April 29th, 2009
07:10 PM ET

Evening Buzz: Hurtling toward a swine flu pandemic

Cate Vojdik
AC360° Writer

The swine flu crisis is erupting on a milestone week for President Obama; today is 100th day of his presidency.

Arbitrary or not, Day 100 has become part of the drill when it comes to covering new administrations – and tonight, CNN will have extensive coverage, starting with President Obama’s prime-time press conference at 8 p.m. eastern. We’ll cover the presser live and follow with plenty of analysis and reality-checking. We’ll also give you a chance to grade the president - and Congress - on their performance so far.

Starting at 11 p.m. eastern, 360 will have the latest on the swine flu outbreak, which health officials say is hurtling toward a pandemic.

Today brought a flood of new developments in this fast-moving story. The World Health Organization raised its alert another notch, from 4 to 5 – its second-highest level. More than 140 cases have been confirmed in at least 9 countries. Germany and Austria are the latest to report swine flu.

In the U.S., the number of confirmed cases grew to 91. The virus has been reported in at least 10 states, and hundreds of suspected cases are being investigated. A toddler in Texas became the first U.S. fatality. He was visiting from Mexico and died in a Houston hospital.

Health officials say we can expect more deaths. The new Health and Human Services Secretary, Kathleen Sebelius, held a news conference today, her first full day on the job. Talk about being thrown into the fire.

A lot of viewers have been asking why we’re devoting so much coverage to the swine flu story. They point out, rightly, that the death toll hasn’t yet come close to the average annual death toll from the common flu, which kills around 36,000 Americans each year. But that’s just one piece of the story and one measurement of the danger.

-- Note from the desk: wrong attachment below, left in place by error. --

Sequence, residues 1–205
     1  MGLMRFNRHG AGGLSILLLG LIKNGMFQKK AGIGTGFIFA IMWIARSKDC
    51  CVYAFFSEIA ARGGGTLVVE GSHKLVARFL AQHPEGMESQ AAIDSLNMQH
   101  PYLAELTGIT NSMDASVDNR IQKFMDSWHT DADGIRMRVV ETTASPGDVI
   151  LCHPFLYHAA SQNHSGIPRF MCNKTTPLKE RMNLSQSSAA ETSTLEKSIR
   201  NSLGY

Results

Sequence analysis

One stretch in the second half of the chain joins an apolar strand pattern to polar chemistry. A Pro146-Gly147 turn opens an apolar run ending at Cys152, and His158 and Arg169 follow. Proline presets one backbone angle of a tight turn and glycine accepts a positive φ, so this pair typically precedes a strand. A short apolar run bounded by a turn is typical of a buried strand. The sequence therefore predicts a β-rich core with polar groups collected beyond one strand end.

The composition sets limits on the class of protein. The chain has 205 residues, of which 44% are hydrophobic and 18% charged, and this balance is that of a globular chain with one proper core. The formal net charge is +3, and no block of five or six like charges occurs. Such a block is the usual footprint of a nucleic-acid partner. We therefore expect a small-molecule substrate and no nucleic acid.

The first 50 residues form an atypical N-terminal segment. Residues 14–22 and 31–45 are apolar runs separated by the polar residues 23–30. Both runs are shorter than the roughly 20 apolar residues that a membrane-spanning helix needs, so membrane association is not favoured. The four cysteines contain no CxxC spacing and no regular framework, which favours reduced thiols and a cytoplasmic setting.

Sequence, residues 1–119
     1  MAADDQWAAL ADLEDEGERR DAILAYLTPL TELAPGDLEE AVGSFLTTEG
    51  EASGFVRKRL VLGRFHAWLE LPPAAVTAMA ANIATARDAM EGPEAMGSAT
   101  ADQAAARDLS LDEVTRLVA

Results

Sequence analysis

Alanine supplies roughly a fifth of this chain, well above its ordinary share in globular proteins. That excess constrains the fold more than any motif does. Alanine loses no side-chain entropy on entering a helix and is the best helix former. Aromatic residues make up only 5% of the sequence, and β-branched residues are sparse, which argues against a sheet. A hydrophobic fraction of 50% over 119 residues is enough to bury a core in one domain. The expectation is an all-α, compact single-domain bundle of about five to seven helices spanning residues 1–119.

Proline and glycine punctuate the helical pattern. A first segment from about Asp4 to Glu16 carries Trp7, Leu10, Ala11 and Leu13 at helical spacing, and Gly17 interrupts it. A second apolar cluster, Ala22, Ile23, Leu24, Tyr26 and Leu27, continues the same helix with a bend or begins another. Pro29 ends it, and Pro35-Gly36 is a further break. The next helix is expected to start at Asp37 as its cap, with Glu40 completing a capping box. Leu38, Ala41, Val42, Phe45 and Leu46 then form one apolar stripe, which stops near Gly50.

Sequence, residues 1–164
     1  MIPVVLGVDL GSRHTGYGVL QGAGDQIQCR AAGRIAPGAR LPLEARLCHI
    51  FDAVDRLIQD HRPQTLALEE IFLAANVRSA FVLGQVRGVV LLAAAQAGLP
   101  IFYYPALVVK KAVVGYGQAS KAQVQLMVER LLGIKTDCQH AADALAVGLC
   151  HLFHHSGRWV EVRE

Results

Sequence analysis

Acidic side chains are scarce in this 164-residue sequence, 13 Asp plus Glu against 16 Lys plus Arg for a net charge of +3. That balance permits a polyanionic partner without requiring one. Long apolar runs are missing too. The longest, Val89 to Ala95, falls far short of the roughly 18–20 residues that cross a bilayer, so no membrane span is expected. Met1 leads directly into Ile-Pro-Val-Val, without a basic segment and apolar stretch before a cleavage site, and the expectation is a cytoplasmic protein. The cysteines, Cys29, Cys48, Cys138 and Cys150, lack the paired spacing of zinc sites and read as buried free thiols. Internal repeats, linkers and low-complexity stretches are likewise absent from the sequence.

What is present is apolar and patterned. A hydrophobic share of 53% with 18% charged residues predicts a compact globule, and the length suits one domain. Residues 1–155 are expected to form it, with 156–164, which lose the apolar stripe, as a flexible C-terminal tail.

A couple of factors make this flu virus especially newsworthy – and potentially very dangerous. Health officials are battling a brand-new strain of flu, which means they have to create a new vaccine for it. That could take months. Think of it this way: Until a vaccine is developed the virus is free to operate under the radar. Our immune systems haven’t seen anything like it before, leaving our bodies vulnerable to invasion. Imagine the virus speeding down a highway at 100 mph with no police cars to chase it.

While it’s true more people have died this year from the common flu, health experts say a novel flu strain, like the swine flu we’re seeing, has the potential to kill even more people than the common flu. There’s no way to know if it will. But public health responses are premised on potential risks. Because this virus appears to be spreading easily from person to person, and because genetically it’s an unknown enemy, it’s potentially a more dangerous threat than the flu that’s been knocking people flat all season.

We’ll have all the latest on the outbreak, starting at 11 eastern. 360 M.D. Sanjay Gupta and Dr. Carlos del Rio will be answering your questions again tonight. They’ll also help us bust some myths about the flu. Dr. del Rio is a professor of global health at Emory University’s Rollins School of Public Health. He’s also a native of Mexico and has been working with Mexico’s government since the swine flu outbreak began.

You can post your questions during the live chat on AC360.com during the show. You can also send it to facebook.com/andersoncooper360 or via a tweet to @andersoncooper.

See you at 11 p.m. eastern.

Filed under: Cate Vojdik • The Buzz
soundoff (One Response)
  1. Annie Kate

    Granted that the swine flu is a new strain and it will take months to produce a vaccine for it, I still think we are premature in our panic. Be aware and make a plan but don't panic.

    April 29, 2009 at 7:27 pm |